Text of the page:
Discovered by Australian university student Tyrone O’Doherty, the ‘spooky’ object may be a type of neutron star that has, until now, only existed in theory.
Scientists and enthusiasts of all things bright and beautiful in the night sky have been captivated by the news of a mysterious object in space releasing massive bursts of energy every 20 minutes.
Suspected by the team that discovered it to be the collapsed core of a star, such as a neutron star or a white dwarf, the object was found to be spinning around in space with an unusually powerful magnetic field and one of the brightest sources of radio waves in the sky.
It was discovered by Tyrone O’Doherty, a student at Curtin University in Perth, Australia, using the Murchison Widefield Array (MWA) telescope situated deep in the outback of Western Australia.
O’Doherty said he was excited that the source “has turned out to be such a peculiar object”. It has now been detailed in a paper published in Nature.
Located in the indigenous territory of the Wajarri Yamatji people of Australia’s mid-west, the MWA observatory was set up in 2009 and is managed by the national science agency of Australia.
“The MWA’s wide field of view and extreme sensitivity are perfect for surveying the entire sky and detecting the unexpected,” O’Doherty said.
Dr Natasha Hurley-Walker, an astrophysicist at the Curtin University node of the International Centre for Radio Astronomy Research (ICRAR), led the team that made the discovery. She noted that the mysterious object was “appearing and disappearing over a few hours” during the team’s observations – baffling them all.
“That was completely unexpected. It was kind of spooky for an astronomer because there’s nothing known in the sky that does that,” she said. “And it’s really quite close to us – about 4,000 light years away. It’s in our galactic backyard.”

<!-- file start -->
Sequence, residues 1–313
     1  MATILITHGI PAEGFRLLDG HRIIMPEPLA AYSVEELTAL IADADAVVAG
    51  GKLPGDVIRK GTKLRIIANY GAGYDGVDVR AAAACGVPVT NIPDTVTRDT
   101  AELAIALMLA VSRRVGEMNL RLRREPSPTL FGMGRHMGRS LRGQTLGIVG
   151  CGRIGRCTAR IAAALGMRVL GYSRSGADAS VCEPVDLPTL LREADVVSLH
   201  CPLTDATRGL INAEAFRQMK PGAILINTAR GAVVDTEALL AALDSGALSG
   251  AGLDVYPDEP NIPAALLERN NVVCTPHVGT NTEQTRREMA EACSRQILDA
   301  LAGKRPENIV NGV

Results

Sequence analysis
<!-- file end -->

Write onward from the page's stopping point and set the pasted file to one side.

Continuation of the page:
Why is it unusual?
Erratic behaviour isn’t unusual for objects in space, especially during the dramatic death of a massive star, which can emit huge amounts of energy into the void of space. These objects are known as ‘transients’.
“When studying transients, you’re watching the death of a massive star or the activity of the remnants it leaves behind,” explained Dr Gemma Anderson, another astrophysicist based in the ICRAR-Curtin node.
Anderson said that while ‘slow transients’ such as supernovae may appear over the course of a few days and disappear in a few months, ‘fast transients’ such as pulsars flash on and off within seconds.
However, finding a source that send signals for a minute is highly unusual, according to Anderson, who said the mysterious object was incredibly bright and smaller than the sun. The highly polarised radio waves suggest that the object also has an extremely strong magnetic field.
According to The Guardian, Hurley-Walker dismissed the possibility that a highly technologically advanced civilisation was trying to reach out. “It’s definitely not aliens,” she said, admitting that the team briefly considered the possibility.
Hurley-Walker clarified that because the signal was detectable across a broad spectrum of frequencies, an immense amount of energy would have been required to produce it.
She noted that the team’s observations match a predicted astrophysical object known as an ultra-long period magnetar. This is a type of slowly spinning neutron star that has been predicted to exist theoretically but has not been observed.
“But nobody expected to directly detect one like this because we didn’t expect them to be so bright. Somehow, it’s converting magnetic energy to radio waves much more effectively than anything we’ve seen before,” added Hurley-Walker.
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